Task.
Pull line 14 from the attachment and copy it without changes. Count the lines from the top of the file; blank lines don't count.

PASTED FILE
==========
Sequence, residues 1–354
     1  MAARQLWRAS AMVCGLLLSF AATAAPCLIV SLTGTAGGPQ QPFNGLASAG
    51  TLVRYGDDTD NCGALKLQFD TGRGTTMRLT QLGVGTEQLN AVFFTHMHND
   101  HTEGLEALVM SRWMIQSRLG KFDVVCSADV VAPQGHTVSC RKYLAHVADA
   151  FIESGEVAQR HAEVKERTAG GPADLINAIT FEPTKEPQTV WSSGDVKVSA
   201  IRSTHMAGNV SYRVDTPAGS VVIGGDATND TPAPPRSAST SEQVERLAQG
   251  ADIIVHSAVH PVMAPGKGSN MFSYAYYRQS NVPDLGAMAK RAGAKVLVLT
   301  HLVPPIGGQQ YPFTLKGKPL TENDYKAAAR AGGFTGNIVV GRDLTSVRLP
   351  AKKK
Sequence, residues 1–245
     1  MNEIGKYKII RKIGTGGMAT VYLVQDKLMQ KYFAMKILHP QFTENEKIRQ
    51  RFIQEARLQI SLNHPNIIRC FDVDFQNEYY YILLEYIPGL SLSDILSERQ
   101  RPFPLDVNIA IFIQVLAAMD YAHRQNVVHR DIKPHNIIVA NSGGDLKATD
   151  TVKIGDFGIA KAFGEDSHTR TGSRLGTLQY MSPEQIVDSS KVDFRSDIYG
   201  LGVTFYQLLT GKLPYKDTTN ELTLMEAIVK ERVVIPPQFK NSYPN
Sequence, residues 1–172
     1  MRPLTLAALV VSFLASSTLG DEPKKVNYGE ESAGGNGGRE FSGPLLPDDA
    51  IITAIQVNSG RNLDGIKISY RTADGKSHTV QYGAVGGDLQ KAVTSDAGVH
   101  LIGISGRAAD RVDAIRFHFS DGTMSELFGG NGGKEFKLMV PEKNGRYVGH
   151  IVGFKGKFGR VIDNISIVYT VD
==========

   151  TVKIGDFGIA KAFGEDSHTR TGSRLGTLQY MSPEQIVDSS KVDFRSDIYG